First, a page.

Many lessons were learned in the past year at Penn State about handling public relations. Newcomers to the university should also be able to apply skills that were learned.
The position of vice president for marketing and communications is now vacant following Bill Mahon’s resignation from the post to serve as a senior lecturer in the College of Communications.
The vice president’s duties are connected to the areas of public relations, media realtions, crisis communications, branding and marketing research.
To help search for candidates, Heyman Associates was recruited by the university.
As Heyman and those involved in the selection at Penn State consider candidates, they should make sure to keep in mind that this position should be first and foremost about communicating openly.
He or she needs to be transparent in the face of issues and address them head on. The hesitancy to address sensitive issues in great detail — related to the Jerry Sandusky case or otherwise — should change for the better. Public information officials understandably highlight the positive stories, like awards won or successful sports seasons, but it’s important to also be willing to acknowledge the “bad press,” too.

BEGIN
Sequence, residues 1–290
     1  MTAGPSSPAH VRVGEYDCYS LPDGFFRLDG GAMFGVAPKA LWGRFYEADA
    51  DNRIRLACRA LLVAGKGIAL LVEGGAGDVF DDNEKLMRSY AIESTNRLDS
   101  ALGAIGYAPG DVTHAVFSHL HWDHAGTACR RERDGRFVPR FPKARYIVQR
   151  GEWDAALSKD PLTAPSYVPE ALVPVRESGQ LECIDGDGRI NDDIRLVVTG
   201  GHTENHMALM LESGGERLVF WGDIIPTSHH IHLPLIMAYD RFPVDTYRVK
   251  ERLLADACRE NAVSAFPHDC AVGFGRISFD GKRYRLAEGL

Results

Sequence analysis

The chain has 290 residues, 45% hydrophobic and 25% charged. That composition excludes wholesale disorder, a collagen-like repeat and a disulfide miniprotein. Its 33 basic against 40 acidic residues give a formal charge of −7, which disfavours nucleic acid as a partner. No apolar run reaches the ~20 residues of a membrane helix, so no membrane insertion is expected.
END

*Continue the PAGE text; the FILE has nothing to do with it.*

It’s important that he not let protecting the reputation of the university get in the way of dispersing information. That lesson was learned the hard way at Penn State.
The emphasis of this executive vice president should not be on drastically rebranding the university but making the most of what’s already here to be proud of.
The achievements of students and faculty should define the brand that makes Penn State what it is — not predetermined slogans like “It’s Your Time” and “One Team.” It would be a cop out of the new administrator to dismiss everything that makes Penn State such a great place for it to form a new identity.
The person in charge of this area moving forward needs to understand the distinct separation between public information and marketing.
His or her focus should be on communicating frequently and openly with the Penn State community to keep us all informed — telling our story, for better and worse, will be better for us all in the end.